Is it just me, or is everyone just starting to realize that physicians are people too?
We’ve all known for a long time that the healthcare paradigm shift of the last ten years means that doctors are overstressed, overwhelmed and overbooked. According to a 2017 Medscape survey reported by the American Medical Association (https://wire.ama-assn.org/life-career/report-reveals-severity-burnout-specialty), physicians from 27 specialties ranked their level of burnout on a scale of one to seven (seven meaning they considered leaving medicine). All but one specialty ranked their burnout at a level four or higher.
A harrowing article in The Washington Post revealed surprising stats about physician suicides in the United States. It was something that I never considered since my doctors have always appeared superhuman. As I think about all that they are expected to do to prepare for the profession, and the physical, emotional and spiritual struggles they witness each day, it should come as no surprise. Compassion fatigue doesn’t begin to describe it.
The impact of burnout on the life of a physician is discouraging enough, but what about the effect on patients? Will they lose a physician due to burnout? Will their physician make an innocent mistake because he/she is overwhelmed?
I think patients need to question what their hospital is doing to protect its physicians from burnout. I’ve had the opportunity to speak with physicians and executives with AMITA Health in the Chicago area and am impressed about their unique initiatives designed to promote physician well-being–some that have been going on for decades.
Guided by insights from The Coalition for Physician Well-being, some of AMITA Health’s unique interventions include:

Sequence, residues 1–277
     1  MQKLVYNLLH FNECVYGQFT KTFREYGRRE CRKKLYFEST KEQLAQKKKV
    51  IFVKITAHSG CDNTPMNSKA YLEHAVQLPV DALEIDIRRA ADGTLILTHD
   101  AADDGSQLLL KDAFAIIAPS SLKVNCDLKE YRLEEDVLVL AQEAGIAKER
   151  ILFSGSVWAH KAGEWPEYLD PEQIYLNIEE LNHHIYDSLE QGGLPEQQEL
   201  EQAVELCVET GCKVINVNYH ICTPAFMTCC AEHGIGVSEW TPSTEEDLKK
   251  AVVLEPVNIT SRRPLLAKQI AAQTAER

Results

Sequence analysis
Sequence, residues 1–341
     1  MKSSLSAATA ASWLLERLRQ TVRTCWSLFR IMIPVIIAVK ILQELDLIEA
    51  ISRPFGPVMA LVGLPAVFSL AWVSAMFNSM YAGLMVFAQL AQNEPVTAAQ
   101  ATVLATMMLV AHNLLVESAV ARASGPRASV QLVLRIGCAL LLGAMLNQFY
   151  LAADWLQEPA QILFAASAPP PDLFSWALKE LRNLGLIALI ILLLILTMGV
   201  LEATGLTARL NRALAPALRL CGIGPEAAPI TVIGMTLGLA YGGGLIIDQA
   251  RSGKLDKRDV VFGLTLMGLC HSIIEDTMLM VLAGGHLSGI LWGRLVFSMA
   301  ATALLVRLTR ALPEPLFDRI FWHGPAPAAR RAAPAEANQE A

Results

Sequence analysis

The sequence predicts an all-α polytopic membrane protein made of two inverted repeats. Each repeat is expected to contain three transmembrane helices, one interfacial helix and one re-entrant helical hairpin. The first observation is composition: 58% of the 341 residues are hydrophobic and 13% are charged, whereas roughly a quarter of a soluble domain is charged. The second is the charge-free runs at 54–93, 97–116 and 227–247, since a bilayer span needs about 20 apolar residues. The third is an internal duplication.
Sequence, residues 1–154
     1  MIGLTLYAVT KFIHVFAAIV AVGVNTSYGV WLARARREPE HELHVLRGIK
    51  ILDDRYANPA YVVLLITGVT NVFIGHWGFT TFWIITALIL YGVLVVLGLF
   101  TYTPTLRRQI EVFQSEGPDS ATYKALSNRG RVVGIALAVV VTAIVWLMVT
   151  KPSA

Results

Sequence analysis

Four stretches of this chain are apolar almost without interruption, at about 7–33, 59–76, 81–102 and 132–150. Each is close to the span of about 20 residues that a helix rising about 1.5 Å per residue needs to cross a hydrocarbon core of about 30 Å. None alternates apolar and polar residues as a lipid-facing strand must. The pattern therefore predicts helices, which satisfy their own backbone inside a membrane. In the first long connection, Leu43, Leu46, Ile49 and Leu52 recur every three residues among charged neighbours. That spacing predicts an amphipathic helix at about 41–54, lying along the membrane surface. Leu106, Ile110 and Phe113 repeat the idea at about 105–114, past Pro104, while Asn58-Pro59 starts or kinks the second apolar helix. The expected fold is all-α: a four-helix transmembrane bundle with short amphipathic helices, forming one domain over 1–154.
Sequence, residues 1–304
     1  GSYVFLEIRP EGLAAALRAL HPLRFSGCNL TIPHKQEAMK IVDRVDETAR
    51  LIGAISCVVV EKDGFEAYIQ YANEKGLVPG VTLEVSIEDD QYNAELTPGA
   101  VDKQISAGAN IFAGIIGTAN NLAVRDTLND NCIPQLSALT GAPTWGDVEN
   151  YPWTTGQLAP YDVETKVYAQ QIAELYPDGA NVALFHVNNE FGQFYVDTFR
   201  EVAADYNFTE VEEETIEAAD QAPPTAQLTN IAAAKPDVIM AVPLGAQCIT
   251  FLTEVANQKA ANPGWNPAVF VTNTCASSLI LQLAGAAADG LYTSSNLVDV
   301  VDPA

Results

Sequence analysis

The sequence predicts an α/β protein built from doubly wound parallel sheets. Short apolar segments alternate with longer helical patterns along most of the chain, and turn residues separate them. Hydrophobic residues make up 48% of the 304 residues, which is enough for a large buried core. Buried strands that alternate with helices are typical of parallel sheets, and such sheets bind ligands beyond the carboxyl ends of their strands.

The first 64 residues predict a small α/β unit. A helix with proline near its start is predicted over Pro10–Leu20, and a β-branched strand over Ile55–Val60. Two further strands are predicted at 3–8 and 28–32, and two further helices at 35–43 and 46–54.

- “Huddles” immediately following traumatic events (not just large scale ones)
- Free counseling sessions available to physicians with specialists outside of the health system
- A Medical Arts Program that encourages physicians to share their artwork in exhibitions and within their facilities
- “Creation Health” physician health and wellness opportunities to help them live life to the fullest
- International mission trip opportunities (and soon local mission opportunities)
- Physician Leadership Workshops to empower and engage physicians in highest-level decision-making
- Mentoring of new physicians by experienced doctors
- Small groups, Bible studies and more.
What are other hospitals doing? Stanford Medicine has implemented an interesting time-banking program for physicians to help avoid burnout. According to a 2014 CHA article, “Hospitals within Adventist Health System [based in Florida] have sponsored a variety of programs designed to foster communication and build relationships, from picnics to art shows, physician concerts, health screenings and prayer breakfasts.”
I’m researching ways that other health systems are looking out for the holistic needs of these folks. If physicians leave their work because the practice of healthcare robs them of their own mental, physical or spiritual health, we all lose.